There are few things that compare to the feeling of being completely submerged in something that could kill you, yet never feeling more free. This is the case with the sport of freediving. These athletes dive to depths of up to 700 feet of water on a single breath of air, with no oxygen tank handy to save them if needed.
(See if you can spot the scuba diver in this photo)
These adrenaline-crazed individuals, such as my boyfriend and I, experience something unlike anything else on earth. One cannot be more dependent on their training and skills than at this moment. It is both an exercise for the body and the mind. One of the most important talents in free diving is remaining calm. The calmer one is, the less oxygen their body uses, giving them maximum bottom time.
“It’s one of the best challenges, being able to overcome your mind to be able to push your body to experience something a small percentage of the world gets to see,” said Brandon Verdura, a 24-year-old Coast Guard rescue swimmer and professional underwater photographer.
(Sometimes he lets me hold the camera too)
Before beginning a dive, divers practice what is called a breathe-up. This is where they slow their heart rate and prepare to fill their lungs to maximum capacity, to dive for as long as possible. Special fins reaching over three feet in length, are used to provide maximum bend and thus propel the diver downward with as much force as possible with minimal energy so oxygen is not wasted on the descent, but rather exploring what lays beneath the surface.
To my Florida friends who may be reading this, or anyone who is planning to travel to the Sunshine State in the future… Want to give it a go? You’re in luck. Florida offers many options for perfectly conditioned dive locations year-round. Some locations within driving distance of UT include Ginnie Springs, Seven Sisters, Wekiwa Springs, Blue Springs, Crystal River and more. All Florida springs pump out crystal clear fresh water at a constant temperature of 72 degrees, making it swimmable all year, although a wetsuit is advised due to the chilly temperatures, which can drastically cut breath-hold time.
Crystal River inhabits hundreds of protected manatees that you can get as close as you’d like to! (Without touching of course to avoid getting tased by one of the watchful preservation workers – just kidding, but seriously don’t they might tase you haha)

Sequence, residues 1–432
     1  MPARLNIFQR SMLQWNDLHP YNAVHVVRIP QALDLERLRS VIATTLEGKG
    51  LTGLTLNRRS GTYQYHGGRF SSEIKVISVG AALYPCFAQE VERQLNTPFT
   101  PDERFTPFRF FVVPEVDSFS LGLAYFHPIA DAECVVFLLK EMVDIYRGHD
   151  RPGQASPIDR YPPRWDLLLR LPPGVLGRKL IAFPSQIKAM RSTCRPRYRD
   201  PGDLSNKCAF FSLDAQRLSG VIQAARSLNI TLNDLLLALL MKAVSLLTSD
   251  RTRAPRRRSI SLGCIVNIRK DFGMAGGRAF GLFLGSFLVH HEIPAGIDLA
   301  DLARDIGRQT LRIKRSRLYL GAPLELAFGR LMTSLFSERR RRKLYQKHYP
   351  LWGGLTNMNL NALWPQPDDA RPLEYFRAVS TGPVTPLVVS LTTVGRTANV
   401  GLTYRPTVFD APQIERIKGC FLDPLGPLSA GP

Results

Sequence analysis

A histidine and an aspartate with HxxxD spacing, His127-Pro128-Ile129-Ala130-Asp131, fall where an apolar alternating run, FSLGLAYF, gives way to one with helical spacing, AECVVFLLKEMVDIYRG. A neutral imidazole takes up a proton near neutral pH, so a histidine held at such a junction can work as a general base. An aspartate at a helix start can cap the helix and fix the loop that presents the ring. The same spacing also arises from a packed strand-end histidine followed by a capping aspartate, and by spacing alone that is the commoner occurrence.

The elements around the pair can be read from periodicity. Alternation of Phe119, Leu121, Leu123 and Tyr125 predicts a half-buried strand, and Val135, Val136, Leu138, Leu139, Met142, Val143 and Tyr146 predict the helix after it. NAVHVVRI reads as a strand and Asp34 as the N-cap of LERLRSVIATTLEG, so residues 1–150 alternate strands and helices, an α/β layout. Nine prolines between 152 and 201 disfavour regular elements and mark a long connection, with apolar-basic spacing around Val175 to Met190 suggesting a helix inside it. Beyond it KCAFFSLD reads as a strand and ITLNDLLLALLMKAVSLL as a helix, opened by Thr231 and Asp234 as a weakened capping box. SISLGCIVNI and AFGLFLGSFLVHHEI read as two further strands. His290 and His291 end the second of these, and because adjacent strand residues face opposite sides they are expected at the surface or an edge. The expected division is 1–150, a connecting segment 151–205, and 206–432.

Our personal favorite is Ginnie Springs. We try to make the two-hour drive to North Florida every couple of months to dive their multiple springs, caves and, of course, enjoy the lazy Santa Fe River. Ginnie Springs offers beautiful camping facilities for just $22 a night per person.
Our favorite hole to dive is Devil’s Ear. This particular dive spot offers a true natural phenomenon. The tannins in the river mix with the fresh water pumped out of the spring at this interception point to create rainbow water color. However, this beautiful wonder can only be truly viewed and appreciated from about 15 feet below the surface where you pass the river floor and enter the hole where the spring is located.
As I dive straight down, my only guide is the floating buoy that is anchored in the spring to mark the spot in the murky water. I’m unsure what I should be looking for. But as I descend to about 15 feet, the hole opens up and the water is crystal clear. As I dive further, I see plants growing on the walls of the cave and a giant tree trunk wedged across the hole. As I hook underneath the horizontal tree and begin my ascent back to the surface what I see is breathtaking, no pun intended. The surface appears a mirage of colors. The view is so unbelievable that many viewers of my boyfriend’s photography work say it’s photoshopped. But those who have done it themselves are quick to correct the skeptics.
As we perform our breathe-up at the surface before another round of photos, a young free diver pops up, amazed by the colors, exclaiming that it is like nothing she’s ever seen before and I wouldn’t doubt it. Free dive courses are offered throughout Florida to teach free divers how to safely push the limits of their capabilities and experience an even more secluded depth of up to hundreds of feet.
Few people dare to risk their lives for something only personally pleasing, but that’s what makes this sport so unique. The experience one has beneath the surface, completely on their own, is special to them in a way only a limited number of people can relate to.
Photos by Brandon Verdura